The White House announced some time ago that President Obama would sign an executive order that prohibits discrimination against gay and transgender workers who work for the federal government, its contracting agencies, and federal contractors. That order become official today.
Several state and local governments have already adopted similar protections. Estimates are that the federal changes will affect nearly twenty-five thousand companies and touch approximately twenty percent of all workers in the U.S. The signing comes after the Employment Non-Discrimination Act, commonly referred to as ENDA, again failed to move forward in the U.S. House.
The signing served to amend prior executive orders that prohibited discrimination against federal workers and federal contract workers on the basis of race, nationality, gender, and religion. The DOL is tasked with enforcement.
Job descriptions are important. They are not specifically required by law or regulation. However, the essential functions of a job must be considered in many contexts such as questions involving disability status or leave.
Job descriptions allow the employer to clarify what responsibility an employee has within the business and how the employee is expected to operate. This information matters from the first interview through the end of employment. Descriptions allow the employer to define relationships and obligations between co-workers and departments or divisions. They can set out educational, training, and skills requirements. They can also be the first place an employer looks to consider coaching, counseling, or evaluation. This information helps the employer evaluate performance for different positions too. Likewise, descriptions tell employees what is expected and serve as a form of communication to outline accountability.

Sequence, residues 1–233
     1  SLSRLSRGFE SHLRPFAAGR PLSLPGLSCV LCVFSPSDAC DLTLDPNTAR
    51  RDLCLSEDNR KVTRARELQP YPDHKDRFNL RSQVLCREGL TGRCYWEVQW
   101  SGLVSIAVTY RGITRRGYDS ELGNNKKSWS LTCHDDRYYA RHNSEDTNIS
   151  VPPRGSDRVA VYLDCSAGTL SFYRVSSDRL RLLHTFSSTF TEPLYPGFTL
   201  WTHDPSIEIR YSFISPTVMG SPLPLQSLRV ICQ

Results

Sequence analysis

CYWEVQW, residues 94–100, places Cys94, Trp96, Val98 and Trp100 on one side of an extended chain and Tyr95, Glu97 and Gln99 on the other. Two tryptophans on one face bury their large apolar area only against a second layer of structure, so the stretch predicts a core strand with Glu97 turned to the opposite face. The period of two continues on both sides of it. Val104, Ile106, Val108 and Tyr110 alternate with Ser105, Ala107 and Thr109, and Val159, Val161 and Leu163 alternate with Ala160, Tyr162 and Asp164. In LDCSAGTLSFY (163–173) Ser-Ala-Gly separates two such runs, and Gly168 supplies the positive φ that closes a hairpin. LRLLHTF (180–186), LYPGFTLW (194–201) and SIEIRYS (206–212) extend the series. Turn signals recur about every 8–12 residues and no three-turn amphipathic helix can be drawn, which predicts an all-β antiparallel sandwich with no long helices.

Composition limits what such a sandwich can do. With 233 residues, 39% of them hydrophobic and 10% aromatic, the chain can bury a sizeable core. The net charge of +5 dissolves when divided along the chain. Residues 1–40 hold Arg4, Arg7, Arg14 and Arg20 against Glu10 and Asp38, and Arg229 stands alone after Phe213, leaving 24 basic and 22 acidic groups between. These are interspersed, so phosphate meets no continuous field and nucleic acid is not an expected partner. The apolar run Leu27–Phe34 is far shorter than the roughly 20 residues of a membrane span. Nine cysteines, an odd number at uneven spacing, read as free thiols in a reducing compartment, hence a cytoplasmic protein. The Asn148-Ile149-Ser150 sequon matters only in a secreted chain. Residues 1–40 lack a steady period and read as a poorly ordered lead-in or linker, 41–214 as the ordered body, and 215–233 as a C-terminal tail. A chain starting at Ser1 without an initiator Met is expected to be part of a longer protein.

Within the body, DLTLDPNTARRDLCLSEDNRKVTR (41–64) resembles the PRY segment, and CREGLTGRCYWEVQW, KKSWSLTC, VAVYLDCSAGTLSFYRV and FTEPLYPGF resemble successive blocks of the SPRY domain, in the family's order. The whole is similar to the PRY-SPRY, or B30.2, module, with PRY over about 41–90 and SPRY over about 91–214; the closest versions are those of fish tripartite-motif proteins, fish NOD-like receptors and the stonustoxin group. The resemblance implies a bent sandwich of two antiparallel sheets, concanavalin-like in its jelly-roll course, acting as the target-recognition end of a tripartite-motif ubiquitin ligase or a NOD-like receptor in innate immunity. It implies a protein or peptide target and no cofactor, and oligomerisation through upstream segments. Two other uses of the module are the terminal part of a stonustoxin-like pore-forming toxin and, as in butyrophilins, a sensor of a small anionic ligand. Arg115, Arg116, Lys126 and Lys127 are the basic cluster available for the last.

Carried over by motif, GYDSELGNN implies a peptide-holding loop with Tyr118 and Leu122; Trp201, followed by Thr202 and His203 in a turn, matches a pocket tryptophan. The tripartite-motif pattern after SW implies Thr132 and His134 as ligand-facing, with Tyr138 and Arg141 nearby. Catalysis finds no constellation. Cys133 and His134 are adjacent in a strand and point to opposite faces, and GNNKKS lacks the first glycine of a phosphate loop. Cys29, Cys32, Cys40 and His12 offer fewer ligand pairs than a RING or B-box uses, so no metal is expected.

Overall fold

The Employment Non-Discrimination Act (ENDA) is proposed federal legislation to prohibit discrimination in hiring and employment decisions on the basis of sexual orientation or gender identity by businesses with 15 or more employees.
The bill prohibits preferential treatment and quotas but does not permit disparate impact suits. It also exempts religious organizations and the military. ENDA has been introduced in the United States Congress on numerous occasions since 1994.
The Senate voted 64 to 32 to pass the most recent version. ENDA is unlikely to pass the House.
I wrote last summer about issues involving volunteer interns; it’s that time of year again to consider your practices involving interns. With more and more students and job seekers who need resume-building opportunities, there are many requests to job shadow or obtain unpaid work experience. Employers must use care to avoid running afoul of wage and hour laws.
The DOL has listed several factors in reviewing whether the FLSA is implicated, including if the internship is similar to educational training, is really for the benefit of the intern, does not displace regular employees, and offers no immediate advantage to the employer. Based on the factors, most interns should be paid for work they perform.
The complete DOL fact sheet is available here: Fact Sheet #71: Internship Programs Under The Fair Labor Standards Act.